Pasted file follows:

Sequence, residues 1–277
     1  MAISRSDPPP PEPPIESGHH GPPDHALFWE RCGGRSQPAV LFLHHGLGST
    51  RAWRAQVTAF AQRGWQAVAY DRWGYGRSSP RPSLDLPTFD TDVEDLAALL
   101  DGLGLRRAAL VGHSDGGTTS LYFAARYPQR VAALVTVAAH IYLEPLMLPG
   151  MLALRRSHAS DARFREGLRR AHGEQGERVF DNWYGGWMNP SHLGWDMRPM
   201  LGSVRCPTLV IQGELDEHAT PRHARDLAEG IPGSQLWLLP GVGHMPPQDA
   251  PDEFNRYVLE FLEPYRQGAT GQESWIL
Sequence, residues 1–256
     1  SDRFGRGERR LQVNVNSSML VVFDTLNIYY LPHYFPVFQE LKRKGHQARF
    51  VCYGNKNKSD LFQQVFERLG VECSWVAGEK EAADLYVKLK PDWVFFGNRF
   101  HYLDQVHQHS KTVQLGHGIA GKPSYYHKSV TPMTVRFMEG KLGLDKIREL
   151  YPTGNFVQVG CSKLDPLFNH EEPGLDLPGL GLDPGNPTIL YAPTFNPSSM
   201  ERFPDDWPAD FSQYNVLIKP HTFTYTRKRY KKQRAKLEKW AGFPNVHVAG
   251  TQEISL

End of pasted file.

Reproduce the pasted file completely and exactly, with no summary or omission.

Sequence, residues 1–277
     1  MAISRSDPPP PEPPIESGHH GPPDHALFWE RCGGRSQPAV LFLHHGLGST
    51  RAWRAQVTAF AQRGWQAVAY DRWGYGRSSP RPSLDLPTFD TDVEDLAALL
   101  DGLGLRRAAL VGHSDGGTTS LYFAARYPQR VAALVTVAAH IYLEPLMLPG
   151  MLALRRSHAS DARFREGLRR AHGEQGERVF DNWYGGWMNP SHLGWDMRPM
   201  LGSVRCPTLV IQGELDEHAT PRHARDLAEG IPGSQLWLLP GVGHMPPQDA
   251  PDEFNRYVLE FLEPYRQGAT GQESWIL
Sequence, residues 1–256
     1  SDRFGRGERR LQVNVNSSML VVFDTLNIYY LPHYFPVFQE LKRKGHQARF
    51  VCYGNKNKSD LFQQVFERLG VECSWVAGEK EAADLYVKLK PDWVFFGNRF
   101  HYLDQVHQHS KTVQLGHGIA GKPSYYHKSV TPMTVRFMEG KLGLDKIREL
   151  YPTGNFVQVG CSKLDPLFNH EEPGLDLPGL GLDPGNPTIL YAPTFNPSSM
   201  ERFPDDWPAD FSQYNVLIKP HTFTYTRKRY KKQRAKLEKW AGFPNVHVAG
   251  TQEISL